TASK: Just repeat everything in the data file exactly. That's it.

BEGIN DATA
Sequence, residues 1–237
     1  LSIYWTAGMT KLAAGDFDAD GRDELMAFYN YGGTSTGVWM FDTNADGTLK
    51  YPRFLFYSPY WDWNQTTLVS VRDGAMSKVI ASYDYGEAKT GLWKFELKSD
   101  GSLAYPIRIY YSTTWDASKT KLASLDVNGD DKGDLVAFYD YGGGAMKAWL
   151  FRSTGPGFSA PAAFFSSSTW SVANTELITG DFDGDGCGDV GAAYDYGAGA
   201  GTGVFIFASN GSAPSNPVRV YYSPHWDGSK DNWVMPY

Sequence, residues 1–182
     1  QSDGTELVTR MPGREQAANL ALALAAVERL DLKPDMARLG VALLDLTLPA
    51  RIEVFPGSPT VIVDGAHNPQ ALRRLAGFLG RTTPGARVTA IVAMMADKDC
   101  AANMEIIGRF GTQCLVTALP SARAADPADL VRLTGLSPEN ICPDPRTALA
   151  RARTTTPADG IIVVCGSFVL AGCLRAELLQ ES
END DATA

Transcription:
Sequence, residues 1–237
     1  LSIYWTAGMT KLAAGDFDAD GRDELMAFYN YGGTSTGVWM FDTNADGTLK
    51  YPRFLFYSPY WDWNQTTLVS VRDGAMSKVI ASYDYGEAKT GLWKFELKSD
   101  GSLAYPIRIY YSTTWDASKT KLASLDVNGD DKGDLVAFYD YGGGAMKAWL
   151  FRSTGPGFSA PAAFFSSSTW SVANTELITG DFDGDGCGDV GAAYDYGAGA
   201  GTGVFIFASN GSAPSNPVRV YYSPHWDGSK DNWVMPY

Sequence, residues 1–182
     1  QSDGTELVTR MPGREQAANL ALALAAVERL DLKPDMARLG VALLDLTLPA
    51  RIEVFPGSPT VIVDGAHNPQ ALRRLAGFLG RTTPGARVTA IVAMMADKDC
   101  AANMEIIGRF GTQCLVTALP SARAADPADL VRLTGLSPEN ICPDPRTALA
   151  RARTTTPADG IIVVCGSFVL AGCLRAELLQ ES